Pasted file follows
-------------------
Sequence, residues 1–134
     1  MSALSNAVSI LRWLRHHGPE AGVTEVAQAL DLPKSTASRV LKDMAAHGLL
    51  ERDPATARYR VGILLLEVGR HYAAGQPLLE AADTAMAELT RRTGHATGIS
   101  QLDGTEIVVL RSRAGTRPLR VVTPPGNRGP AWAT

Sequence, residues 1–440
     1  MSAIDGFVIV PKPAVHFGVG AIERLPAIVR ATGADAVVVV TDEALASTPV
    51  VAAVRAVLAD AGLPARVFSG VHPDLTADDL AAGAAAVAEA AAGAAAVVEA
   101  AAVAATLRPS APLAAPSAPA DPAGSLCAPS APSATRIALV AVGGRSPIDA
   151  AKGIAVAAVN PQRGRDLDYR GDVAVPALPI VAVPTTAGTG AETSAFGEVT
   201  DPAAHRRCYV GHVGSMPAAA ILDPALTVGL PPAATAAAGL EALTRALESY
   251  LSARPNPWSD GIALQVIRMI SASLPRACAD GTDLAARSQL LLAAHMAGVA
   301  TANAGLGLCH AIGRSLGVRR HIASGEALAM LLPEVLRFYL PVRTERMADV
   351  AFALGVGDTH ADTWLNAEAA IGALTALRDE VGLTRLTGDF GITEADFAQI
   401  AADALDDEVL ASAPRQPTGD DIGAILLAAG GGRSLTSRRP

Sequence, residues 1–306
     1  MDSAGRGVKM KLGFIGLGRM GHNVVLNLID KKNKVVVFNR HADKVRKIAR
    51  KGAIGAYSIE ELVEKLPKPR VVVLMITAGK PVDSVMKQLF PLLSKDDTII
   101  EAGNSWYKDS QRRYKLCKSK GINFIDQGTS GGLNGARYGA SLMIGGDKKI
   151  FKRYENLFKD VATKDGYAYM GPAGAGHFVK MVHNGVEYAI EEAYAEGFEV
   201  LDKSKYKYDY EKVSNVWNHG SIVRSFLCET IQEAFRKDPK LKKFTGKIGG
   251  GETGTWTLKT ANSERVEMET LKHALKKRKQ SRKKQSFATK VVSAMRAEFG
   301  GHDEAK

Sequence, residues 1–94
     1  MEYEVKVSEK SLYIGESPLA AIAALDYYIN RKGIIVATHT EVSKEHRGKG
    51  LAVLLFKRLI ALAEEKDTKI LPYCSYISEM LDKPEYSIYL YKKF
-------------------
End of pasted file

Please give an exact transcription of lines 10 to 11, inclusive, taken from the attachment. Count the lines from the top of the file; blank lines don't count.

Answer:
   201  DPAAHRRCYV GHVGSMPAAA ILDPALTVGL PPAATAAAGL EALTRALESY
   251  LSARPNPWSD GIALQVIRMI SASLPRACAD GTDLAARSQL LLAAHMAGVA